26 June 2009
Polish investigation into CIA crimes: questions over secrecy remain

“I think the country was Poland...It was here that the most intense interrogation occurred”.
Khalid Sheik Mohammed, former CIA secret detainee now held at Guantánamo Bay, Cuba

In April 2009 Amnesty International launched a campaign calling for accountability for alleged crimes committed in Poland as part of the CIA’s program of rendition and secret detention.

Amnesty International called for the investigation into the long standing allegations initiated by the Polish National Prosecutor’s Office in 2008 to be transparent and thorough, in contrast to the previous investigation by the secret services committee of the Polish parliament conducted in 2005 and 2006.

New allegations of torture in Poland


In April 2009, a report by the International Committee of the Red Cross, ICRC, was leaked to the press. The report detailed allegations of torture and other ill treatment of 14 “high value” detainees held in the CIA secret detention program who had subsequently been transferred to the detention camp at Guantánamo Bay, Cuba.

The detainees variously describe being subjected to beatings, confined in small spaces, deprived of sleep and forced to listen to loud music constantly. Three of the 14 reported to the ICRC that they were subjected to “suffocation by water” or “waterboarding”. All were victims of enforced disappearance.

One of the detainees, Khalid Sheikh Mohammed, alleged mastermind of the 11 September 2001 attacks on the USA, told the ICRC that he was transferred from Afghanistan in March 2003 and that he thought the country he was subsequently detained in was Poland because

 “on one occasion a water bottle was brought to me without the label removed. It had an email address ending in “.pl”. The central heating system was an old style one that I would only expect to see in countries of the former communist system”.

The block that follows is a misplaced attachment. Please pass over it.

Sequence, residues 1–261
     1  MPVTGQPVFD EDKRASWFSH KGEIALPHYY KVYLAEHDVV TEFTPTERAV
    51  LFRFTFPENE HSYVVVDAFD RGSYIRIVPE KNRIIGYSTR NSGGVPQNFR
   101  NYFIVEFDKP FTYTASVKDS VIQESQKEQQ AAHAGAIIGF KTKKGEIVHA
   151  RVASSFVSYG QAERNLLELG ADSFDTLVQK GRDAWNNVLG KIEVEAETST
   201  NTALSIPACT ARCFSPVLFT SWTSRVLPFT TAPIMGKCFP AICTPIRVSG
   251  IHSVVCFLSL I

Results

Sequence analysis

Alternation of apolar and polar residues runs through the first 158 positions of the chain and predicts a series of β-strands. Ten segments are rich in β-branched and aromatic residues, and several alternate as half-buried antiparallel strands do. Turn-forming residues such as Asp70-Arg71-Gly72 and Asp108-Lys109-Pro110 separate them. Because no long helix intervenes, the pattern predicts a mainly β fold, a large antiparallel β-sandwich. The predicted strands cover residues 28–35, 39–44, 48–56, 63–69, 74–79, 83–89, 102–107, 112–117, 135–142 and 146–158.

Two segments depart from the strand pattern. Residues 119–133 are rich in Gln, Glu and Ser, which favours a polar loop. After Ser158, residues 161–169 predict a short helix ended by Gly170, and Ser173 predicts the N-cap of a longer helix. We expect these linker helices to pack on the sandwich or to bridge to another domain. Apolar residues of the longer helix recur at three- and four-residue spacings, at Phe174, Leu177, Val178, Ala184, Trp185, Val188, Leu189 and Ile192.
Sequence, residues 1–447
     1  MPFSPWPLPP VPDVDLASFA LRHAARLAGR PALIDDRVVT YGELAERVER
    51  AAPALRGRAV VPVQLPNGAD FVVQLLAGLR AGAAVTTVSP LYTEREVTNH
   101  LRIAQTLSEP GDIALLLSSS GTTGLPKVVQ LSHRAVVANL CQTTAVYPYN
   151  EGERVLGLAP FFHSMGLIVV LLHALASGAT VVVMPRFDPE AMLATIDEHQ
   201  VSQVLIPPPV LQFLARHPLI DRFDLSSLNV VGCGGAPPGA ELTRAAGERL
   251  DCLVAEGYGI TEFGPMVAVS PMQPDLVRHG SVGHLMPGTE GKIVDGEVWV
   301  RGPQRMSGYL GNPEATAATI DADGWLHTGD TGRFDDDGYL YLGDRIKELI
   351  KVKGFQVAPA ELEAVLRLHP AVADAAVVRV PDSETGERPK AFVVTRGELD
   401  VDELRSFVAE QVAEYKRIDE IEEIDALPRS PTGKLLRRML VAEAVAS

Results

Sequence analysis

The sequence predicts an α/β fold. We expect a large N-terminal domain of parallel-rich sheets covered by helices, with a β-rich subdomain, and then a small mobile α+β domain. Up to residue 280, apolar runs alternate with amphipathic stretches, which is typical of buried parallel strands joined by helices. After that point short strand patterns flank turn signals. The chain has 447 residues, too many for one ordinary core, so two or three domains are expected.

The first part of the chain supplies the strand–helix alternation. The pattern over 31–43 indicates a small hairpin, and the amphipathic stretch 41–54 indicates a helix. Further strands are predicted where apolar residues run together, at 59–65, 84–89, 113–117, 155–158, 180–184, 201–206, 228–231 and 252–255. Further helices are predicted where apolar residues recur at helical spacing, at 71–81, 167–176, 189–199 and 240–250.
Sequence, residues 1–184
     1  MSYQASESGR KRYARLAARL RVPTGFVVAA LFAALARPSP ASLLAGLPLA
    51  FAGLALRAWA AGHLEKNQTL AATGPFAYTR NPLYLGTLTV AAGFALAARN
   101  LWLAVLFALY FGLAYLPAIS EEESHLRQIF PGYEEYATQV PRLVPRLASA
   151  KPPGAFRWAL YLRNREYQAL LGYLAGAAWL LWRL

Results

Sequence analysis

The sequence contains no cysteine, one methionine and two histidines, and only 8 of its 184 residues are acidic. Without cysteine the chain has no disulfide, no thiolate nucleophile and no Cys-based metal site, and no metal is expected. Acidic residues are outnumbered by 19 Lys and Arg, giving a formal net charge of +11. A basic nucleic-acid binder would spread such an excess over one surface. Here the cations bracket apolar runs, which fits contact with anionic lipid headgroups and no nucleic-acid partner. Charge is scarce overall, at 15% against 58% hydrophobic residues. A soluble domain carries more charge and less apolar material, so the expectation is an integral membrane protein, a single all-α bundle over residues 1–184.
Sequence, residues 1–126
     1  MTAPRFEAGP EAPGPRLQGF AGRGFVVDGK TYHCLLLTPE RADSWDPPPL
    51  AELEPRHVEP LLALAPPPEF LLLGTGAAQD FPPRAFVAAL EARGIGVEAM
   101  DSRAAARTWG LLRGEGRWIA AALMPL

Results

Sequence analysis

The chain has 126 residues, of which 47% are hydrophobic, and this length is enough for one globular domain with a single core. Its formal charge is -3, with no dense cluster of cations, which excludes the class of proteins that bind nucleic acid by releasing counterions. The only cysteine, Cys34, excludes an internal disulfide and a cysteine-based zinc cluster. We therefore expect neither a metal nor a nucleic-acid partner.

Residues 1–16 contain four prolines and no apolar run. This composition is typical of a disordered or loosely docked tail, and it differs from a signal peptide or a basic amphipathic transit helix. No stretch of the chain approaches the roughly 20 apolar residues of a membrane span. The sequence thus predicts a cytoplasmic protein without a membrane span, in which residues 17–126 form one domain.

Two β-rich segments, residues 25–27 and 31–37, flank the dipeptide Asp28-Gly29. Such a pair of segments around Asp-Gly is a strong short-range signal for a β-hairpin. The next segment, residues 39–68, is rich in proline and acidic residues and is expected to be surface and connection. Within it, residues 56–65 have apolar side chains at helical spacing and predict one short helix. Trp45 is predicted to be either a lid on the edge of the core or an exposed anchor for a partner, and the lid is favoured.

He told the ICRC that, while held in this location, he was waterboarded five times, beaten including by having his head repeatedly banged against a wall and deprived of sleep and clothes and when not being interrogated, was forced to stand for prolonged periods, shackled to the ceiling and floor.

Prosecutor’s investigation: wide scope, transparency needed


In March 2008, the Warsaw Public Prosecutor’s office initiated an investigation alleged crimes as part of the CIA program. In June 2008, the investigation was moved to the National Public Prosecutor’s office.
 
Amnesty International welcomed this investigation but stressed that it must be thorough and independent, and expressed concerns about its proposed scope and powers. Former government officials had reportedly said that although they were willing to speak to investigators, their testimony would be limited by Poland’s laws on the confidentiality of state secrets.

Since Amnesty International launched its campaign, the National Public Prosecutor’s Office has written to the organisation stating that the scope of the prosecutor’s investigation will not, as previously thought, be limited to offences under Article 231 of the Polish Penal Code, relating only to public officials overstepping their official powers. Rather, the investigation will cover the entirety of circumstances related to verification of findings described in the resolution of European Parliament concerning the alleged illegal detention and transportation of CIA detainees. This reassurance is welcome.

However, Amnesty International also called for the Prime Minister to ensure its findings and its methodology is made public. Unfortunately, the Public Prosecutor’s Office told Amnesty International that the findings of the investigation will not be made public, as they are considered state secret and thus protected as classified information.

Serious crimes, including torture and enforced disappearance, have allegedly been committed on Polish territory as part of the CIA’s rendition and secret detention programmes.

With the opening of an investigation by the National Public Prosecutor’s office into alleged crimes in the context of CIA secret detention, the Polish government has taken positive steps. This investigation and any subsequent prosecutions or other court proceedings must establish the truth and bring to justice those responsible.

The way to dispel any doubts over these allegations is to ensure that the investigation and any resulting prosecutions can be thoroughly scrutinized by the public.

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